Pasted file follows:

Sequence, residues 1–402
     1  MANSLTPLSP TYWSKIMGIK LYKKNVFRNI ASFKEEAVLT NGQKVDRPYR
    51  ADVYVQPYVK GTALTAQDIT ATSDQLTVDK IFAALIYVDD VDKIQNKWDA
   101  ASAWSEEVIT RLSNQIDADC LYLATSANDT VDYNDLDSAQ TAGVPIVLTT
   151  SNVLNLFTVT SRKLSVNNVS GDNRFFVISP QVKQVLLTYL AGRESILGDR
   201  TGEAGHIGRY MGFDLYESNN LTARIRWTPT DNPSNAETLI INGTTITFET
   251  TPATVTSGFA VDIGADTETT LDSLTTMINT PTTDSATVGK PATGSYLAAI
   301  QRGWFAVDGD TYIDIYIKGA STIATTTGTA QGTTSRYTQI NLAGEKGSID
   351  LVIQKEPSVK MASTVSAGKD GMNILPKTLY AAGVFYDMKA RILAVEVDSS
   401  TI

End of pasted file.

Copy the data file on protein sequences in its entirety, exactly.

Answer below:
Sequence, residues 1–402
     1  MANSLTPLSP TYWSKIMGIK LYKKNVFRNI ASFKEEAVLT NGQKVDRPYR
    51  ADVYVQPYVK GTALTAQDIT ATSDQLTVDK IFAALIYVDD VDKIQNKWDA
   101  ASAWSEEVIT RLSNQIDADC LYLATSANDT VDYNDLDSAQ TAGVPIVLTT
   151  SNVLNLFTVT SRKLSVNNVS GDNRFFVISP QVKQVLLTYL AGRESILGDR
   201  TGEAGHIGRY MGFDLYESNN LTARIRWTPT DNPSNAETLI INGTTITFET
   251  TPATVTSGFA VDIGADTETT LDSLTTMINT PTTDSATVGK PATGSYLAAI
   301  QRGWFAVDGD TYIDIYIKGA STIATTTGTA QGTTSRYTQI NLAGEKGSID
   351  LVIQKEPSVK MASTVSAGKD GMNILPKTLY AAGVFYDMKA RILAVEVDSS
   401  TI